"I think most people have an experience when they look at the face of someone with Down syndrome," says Crispin Hellion Glover, whose new film, What Is It?, is cast almost entirely with actors who have the condition. "They see a history of someone who has lived outside of the culture."
"Living outside of the culture" could easily describe Glover himself, if the culture referred to is that of popular cinema and the society that surrounds it. An actor, writer, director and visual artist, Glover began his film career with promise inside the established system in fare including Back to the Future, but quickly grew dissatisfied artistically with the boundaries that system prescribed. While he's recently been embraced again into the fold (Charlie's Angels), he's leveraged that acceptance and accompanying benefits to produce his own work, which ventures far beyond the mainstream. The feature-length What Is It?, making its Pittsburgh debut with three screenings presented by Glover himself, has been birthed via distinctly non-Hollywood methods, and grows on terms that are no one's but the 41-year-old Glover's.
What Is It? -- the middle segment of a planned trilogy -- began more than 10 years ago as a short film, essentially a coming-of-age story featuring actors with Down syndrome. Glover's funding pitches drew interest, but it came accompanied with the assumption that the condition was the movie's theme.
That was never Glover's point. His experience of similar characters in films and television was that they were handled with kid gloves and condescension. When you regard the differently abled as separate, "[t]hey're muppetized," he says. "They're not treated as people." Rather than reshape his ideas, Glover chose to fund the film himself, working on other people's projects to raise cash, prodding his return to the mass market.
Work on What Is It? began in 1995. After six months of editing, his 20-minute film was running 83 minutes. "I could see that it could become a feature," he says. "And I knew it was worthwhile." Since then he's alternated between writing, shooting and producing his work (through his own company, Volcanic Eruptions) and the outside employment that makes it possible.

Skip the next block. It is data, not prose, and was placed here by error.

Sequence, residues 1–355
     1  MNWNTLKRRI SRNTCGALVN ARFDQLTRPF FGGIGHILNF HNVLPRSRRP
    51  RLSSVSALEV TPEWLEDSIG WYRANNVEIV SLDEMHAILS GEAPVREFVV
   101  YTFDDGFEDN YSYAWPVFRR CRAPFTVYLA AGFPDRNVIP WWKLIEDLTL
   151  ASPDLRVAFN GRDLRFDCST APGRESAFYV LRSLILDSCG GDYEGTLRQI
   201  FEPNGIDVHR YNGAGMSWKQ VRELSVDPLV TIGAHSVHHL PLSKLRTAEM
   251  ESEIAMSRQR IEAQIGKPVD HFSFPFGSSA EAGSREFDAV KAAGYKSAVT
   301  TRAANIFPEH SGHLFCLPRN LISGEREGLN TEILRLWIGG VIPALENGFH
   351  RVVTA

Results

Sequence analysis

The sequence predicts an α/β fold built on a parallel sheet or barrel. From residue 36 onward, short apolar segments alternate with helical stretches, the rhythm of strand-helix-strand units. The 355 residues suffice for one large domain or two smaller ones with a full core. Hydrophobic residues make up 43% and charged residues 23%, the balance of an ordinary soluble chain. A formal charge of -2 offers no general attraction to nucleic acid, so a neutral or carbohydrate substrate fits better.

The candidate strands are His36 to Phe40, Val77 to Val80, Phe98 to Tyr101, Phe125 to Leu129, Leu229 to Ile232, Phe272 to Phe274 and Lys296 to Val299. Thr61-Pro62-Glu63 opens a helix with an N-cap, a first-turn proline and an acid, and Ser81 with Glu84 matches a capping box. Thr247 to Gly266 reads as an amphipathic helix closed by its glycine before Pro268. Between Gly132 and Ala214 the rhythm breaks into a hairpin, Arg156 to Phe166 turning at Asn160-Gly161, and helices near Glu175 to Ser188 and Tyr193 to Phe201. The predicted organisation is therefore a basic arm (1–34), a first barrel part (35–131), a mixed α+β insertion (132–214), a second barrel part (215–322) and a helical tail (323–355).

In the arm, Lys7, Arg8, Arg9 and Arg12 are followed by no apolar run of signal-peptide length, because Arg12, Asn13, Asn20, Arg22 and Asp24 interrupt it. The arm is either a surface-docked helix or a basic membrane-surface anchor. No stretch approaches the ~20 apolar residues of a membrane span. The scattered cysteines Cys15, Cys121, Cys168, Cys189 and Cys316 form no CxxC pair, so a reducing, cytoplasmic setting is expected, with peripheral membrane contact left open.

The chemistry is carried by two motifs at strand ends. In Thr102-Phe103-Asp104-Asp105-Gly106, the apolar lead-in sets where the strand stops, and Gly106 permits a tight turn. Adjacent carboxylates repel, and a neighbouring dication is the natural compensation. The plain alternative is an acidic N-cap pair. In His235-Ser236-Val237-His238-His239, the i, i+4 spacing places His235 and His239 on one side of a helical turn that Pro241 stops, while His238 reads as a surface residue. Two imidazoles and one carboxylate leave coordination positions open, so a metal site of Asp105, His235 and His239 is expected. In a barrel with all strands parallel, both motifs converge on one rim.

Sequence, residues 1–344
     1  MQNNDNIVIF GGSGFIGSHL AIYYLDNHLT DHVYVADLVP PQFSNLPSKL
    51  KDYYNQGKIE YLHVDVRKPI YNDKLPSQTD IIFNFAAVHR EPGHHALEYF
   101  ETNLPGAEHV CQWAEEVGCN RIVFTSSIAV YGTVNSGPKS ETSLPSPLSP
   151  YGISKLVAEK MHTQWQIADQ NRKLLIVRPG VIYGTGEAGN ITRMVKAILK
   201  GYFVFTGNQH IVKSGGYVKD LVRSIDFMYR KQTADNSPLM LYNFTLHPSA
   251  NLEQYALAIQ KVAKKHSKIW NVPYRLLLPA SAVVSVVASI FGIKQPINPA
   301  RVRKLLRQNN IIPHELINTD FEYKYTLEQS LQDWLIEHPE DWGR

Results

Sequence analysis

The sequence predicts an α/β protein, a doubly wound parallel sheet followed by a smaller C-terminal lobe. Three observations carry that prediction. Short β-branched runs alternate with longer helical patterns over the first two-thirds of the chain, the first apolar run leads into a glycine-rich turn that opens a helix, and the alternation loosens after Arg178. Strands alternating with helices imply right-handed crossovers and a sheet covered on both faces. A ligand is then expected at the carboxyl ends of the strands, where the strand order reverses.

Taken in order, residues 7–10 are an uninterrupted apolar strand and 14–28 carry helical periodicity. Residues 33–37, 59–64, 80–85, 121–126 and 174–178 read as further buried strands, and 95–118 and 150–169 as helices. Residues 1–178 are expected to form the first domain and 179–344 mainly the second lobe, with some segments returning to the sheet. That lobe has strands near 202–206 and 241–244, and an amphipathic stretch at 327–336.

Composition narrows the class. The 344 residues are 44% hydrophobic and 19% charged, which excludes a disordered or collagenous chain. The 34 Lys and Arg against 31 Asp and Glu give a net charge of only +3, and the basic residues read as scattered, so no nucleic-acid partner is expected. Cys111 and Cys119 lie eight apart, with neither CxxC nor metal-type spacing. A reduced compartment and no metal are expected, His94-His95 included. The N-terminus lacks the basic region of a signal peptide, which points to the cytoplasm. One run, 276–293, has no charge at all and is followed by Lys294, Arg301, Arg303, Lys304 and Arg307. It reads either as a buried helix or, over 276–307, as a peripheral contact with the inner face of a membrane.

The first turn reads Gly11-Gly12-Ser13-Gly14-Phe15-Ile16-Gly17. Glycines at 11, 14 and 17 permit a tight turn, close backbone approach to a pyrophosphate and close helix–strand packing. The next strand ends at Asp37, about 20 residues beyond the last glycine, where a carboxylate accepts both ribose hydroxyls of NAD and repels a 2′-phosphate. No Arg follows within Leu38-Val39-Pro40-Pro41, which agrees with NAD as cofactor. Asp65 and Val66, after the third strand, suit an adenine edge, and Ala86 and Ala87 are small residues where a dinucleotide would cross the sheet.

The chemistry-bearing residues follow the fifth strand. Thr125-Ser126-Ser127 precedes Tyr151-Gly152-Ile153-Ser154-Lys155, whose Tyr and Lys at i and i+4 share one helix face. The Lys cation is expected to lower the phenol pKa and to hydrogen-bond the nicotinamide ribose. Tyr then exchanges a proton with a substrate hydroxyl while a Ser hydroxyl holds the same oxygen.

When one actor in a movie has Down syndrome, it becomes the focus. He or she is the facet that is different, the outsider in that film's world. When almost all of the actors in a film have Down syndrome, their place is on the inside; the part of the outsider goes to the audience. This is not the usual role of the moviegoer. Typically nothing more is required than to sit back, gorge on oily popcorn, and enjoy the exploits of people we'd like to look and be like. When the lights come up, the only real question we face is how to get the grease off our fingers.
Not so with What Is It? "It can have a controversial element," Glover says. "I'm interested in things that can genuinely make audiences think about things, and sometimes that can make people uncomfortable." Glover describes the film as "being the adventures of a young man whose principle interests are snails, salt, a pipe, and how to get home[,] who is tormented by an hubristic, racist inner psyche."
The film is designed to prompt thought and discussion, and the filmmaker wants to be there for those exchanges. So it hasn't had national theatrical distribution, and won't any time soon. Instead, Glover has been present at each screening -- including at this year's Sundance Film Festival -- and when it ends, his interaction with the audience begins in a question-and-answer forum.
Response to What Is It? has varied from proclamations of Glover's genius -- The Ann Arbor Film Festival named it Best Narrative Film -- to assertions that it is unwatchable. Glover says it's not his place to inform audiences what they should feel during the movie or what they should carry away. "I don't like to tell people they're wrong," he says. "It's up for interpretation."
Along with the screening, Glover will narrate "The Big Slide Show," a collection of visuals from several books he's released over the past few decades. The volumes, originally made for him and friends, are found texts from the 1800s that he reworked and illustrated.
An unexpected bonus of Glover's signing up for the money jobs (Charlie's Angels: Full Throttle) is that the money jobs offered have become more interesting (Bartleby, based on Melville's "Bartleby the Scrivener;" a version of Crime and Punishment opposite Vanessa Redgrave). Glover will continue to appear onscreen at the local multiplex. What Is It?, and Glover's future projects as captain, likely won't, and that's all right. "I have an interest in things outside of the message the mainstream media is sending out," Glover says. "This is probably the best work I'll ever do in my career."